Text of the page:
Hired a few weeks apart, the new general manager and executive chef-partner confessed to each other that it was their first time in top positions.
“I was like great, ‘We are two lost souls trying to do this,’ ” Leavoy said. “Let’s have some fun.”
Reality quickly brought them up to speed on the restaurant’s baggage, which included a frustrated staff, a bad reputation and vendors that were owed about $50,000.
“I think we both underestimated what we were walking into,” Leavoy said.
Adams and Leavoy started the rebuilding process by figuring out what the restaurant should be, creating a plan for stabilizing the concept and retraining and hiring more staff.
They decided to build a framework around ingredients from its namesake, the Piedmont. They shed a vine and harvest-like logo and replaced it with the tagline and sign that reads “Piedmont inspired food.”
They took down the restaurant’s existing still-life paintings, painted the walls white and replaced the table tops. Since they couldn’t afford the large art needed for the space’s tall ceilings, they reached out to a nearby re-use store, which assembled strips of old and varied wood to break up the white space on the wall.
Creating a better space
The process of clearing everything away for the restaurant to be repainted the week of July 4, 2013, helped to mark the beginning of a fresh start, Leavoy said.
“It was lighter. It was brighter,” Leavoy said. “It wasn’t the same old environment people had been in.”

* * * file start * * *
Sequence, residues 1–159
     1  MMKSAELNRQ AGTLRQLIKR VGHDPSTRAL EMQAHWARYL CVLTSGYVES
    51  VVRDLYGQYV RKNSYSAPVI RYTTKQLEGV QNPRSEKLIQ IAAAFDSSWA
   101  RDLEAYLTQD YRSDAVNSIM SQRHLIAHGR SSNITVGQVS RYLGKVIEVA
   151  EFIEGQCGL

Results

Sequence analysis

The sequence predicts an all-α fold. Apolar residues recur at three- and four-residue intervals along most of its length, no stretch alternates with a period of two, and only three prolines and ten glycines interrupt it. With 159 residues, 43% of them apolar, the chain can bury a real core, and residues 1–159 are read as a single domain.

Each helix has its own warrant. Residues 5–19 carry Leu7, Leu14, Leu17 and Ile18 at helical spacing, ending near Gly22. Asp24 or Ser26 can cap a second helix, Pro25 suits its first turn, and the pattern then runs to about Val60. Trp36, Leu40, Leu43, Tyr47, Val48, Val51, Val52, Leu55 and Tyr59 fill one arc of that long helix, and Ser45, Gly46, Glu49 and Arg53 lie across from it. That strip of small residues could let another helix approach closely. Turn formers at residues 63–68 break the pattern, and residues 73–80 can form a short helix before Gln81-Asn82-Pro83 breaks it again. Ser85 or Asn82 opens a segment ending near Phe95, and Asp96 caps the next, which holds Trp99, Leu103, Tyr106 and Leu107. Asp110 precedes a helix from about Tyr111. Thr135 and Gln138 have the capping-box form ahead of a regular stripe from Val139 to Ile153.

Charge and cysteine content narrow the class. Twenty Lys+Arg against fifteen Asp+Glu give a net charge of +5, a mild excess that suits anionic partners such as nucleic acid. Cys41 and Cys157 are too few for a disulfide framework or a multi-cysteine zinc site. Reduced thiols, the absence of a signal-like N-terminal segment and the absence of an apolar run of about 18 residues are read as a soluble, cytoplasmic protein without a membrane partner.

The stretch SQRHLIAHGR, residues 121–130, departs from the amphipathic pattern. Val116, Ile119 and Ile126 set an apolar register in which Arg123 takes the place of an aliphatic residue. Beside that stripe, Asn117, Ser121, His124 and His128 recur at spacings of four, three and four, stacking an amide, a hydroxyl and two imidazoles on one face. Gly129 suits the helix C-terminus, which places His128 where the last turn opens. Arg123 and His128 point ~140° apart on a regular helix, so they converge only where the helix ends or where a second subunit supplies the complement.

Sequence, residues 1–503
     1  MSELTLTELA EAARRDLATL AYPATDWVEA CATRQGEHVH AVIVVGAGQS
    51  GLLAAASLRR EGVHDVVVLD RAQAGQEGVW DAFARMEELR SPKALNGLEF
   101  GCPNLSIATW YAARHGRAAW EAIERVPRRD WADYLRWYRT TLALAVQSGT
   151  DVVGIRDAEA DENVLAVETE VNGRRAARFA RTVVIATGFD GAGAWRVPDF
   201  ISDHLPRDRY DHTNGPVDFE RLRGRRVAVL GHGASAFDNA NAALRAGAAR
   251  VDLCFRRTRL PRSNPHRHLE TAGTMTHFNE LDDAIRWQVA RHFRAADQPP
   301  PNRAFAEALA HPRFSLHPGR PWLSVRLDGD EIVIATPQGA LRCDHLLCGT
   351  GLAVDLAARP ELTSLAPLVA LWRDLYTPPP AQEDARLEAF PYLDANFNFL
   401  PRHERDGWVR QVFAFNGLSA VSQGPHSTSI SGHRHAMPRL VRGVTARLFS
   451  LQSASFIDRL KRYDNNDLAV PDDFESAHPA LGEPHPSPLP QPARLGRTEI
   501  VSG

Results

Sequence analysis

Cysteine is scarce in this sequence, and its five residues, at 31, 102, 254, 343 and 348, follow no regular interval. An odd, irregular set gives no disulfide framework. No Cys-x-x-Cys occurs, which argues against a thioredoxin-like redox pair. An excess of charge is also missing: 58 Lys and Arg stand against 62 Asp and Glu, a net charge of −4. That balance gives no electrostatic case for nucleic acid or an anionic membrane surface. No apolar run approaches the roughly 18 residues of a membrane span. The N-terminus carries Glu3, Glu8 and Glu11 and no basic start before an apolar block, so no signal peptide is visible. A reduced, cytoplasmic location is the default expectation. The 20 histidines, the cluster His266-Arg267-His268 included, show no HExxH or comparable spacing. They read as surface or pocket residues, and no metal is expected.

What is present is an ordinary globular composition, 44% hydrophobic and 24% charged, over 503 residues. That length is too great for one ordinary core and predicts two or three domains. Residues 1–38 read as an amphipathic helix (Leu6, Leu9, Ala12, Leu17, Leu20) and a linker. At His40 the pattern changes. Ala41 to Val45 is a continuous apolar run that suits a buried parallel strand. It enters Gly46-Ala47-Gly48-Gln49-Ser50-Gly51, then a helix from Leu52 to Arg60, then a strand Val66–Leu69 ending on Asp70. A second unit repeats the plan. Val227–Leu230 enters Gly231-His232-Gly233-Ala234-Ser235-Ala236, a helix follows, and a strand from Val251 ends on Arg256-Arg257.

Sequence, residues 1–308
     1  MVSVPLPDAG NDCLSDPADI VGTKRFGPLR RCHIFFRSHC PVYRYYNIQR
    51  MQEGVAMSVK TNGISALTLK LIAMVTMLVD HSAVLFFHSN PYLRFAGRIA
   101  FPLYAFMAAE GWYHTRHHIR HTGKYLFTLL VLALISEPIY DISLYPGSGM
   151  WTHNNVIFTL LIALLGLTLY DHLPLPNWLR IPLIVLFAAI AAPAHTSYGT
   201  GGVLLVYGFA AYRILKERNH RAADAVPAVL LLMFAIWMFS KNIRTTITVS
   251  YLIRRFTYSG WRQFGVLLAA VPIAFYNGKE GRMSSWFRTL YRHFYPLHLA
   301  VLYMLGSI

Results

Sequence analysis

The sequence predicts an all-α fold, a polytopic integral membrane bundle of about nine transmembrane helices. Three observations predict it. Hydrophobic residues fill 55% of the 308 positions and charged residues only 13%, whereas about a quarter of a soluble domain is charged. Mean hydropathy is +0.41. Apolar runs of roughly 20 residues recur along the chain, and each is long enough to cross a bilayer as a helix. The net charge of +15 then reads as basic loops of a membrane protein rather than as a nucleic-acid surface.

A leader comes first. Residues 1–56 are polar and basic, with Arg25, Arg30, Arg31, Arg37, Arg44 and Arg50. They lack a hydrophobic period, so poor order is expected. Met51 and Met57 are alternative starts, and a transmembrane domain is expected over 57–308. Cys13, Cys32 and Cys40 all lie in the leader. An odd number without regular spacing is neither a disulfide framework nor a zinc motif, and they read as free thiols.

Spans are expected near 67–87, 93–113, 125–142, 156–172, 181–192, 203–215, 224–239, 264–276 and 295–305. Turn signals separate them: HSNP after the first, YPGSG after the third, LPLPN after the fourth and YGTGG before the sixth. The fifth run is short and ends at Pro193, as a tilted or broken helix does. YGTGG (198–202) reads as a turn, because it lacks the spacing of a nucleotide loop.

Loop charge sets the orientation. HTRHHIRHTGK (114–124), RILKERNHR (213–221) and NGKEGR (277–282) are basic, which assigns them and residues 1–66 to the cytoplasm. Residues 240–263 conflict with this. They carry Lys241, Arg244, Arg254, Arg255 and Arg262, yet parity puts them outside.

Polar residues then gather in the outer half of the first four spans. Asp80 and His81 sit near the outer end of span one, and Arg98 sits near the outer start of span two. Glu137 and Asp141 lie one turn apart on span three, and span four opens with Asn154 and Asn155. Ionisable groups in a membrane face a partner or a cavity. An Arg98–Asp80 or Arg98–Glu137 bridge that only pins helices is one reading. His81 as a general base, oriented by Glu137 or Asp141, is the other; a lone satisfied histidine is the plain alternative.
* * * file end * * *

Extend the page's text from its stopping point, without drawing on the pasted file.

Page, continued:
The changes that followed were slow but steady.
Adams focused on providing a menu that ebbed and flowed with seasonal ingredients, while building relationships with farmers and other vendors. Leavoy formalized the steps of service, from greeting guests and making notes when they are gone. Over time, Leavoy also improved the bar offerings and wine list to help raise ticket averages.
Meanwhile, Leavoy and Adams juggled payments to vendors to pay off the debt. The last payment was made about three weeks ago.
“It felt really good to get that balance to zero,” Adams said.
Over the summer of 2013, there were days when less than nine customers came into the restaurant, but they started to see a gradual increase in September 2013.
Month over month increases followed, as Adams and Leavoy continued gradual changes, such as upgrading equipment in the kitchen and replacing a hodgepodge of silverware and glasses.
By January 2014, they had stabilized the business and hired a public relations representative to help highlight the restaurant’s new higher level of consistency under Adams and Leavoy. Articles in two local publications followed, including a four-star review by Greg Cox, The News & Observer restaurant critic.
When customers continued to come over the summer of 2014, Adams said a yearlong knot in his stomach started to untie.
One night last month, the restaurant, which seats about 90, served 170 customers, which was the most it had served under the new management.
Leavoy said he realized that he probably could have only squeezed another 15 or so orders out of the kitchen, and they might consider an expansion.
“There are now so many different things in the pipeline because we care and because we never gave up,” Leavoy said.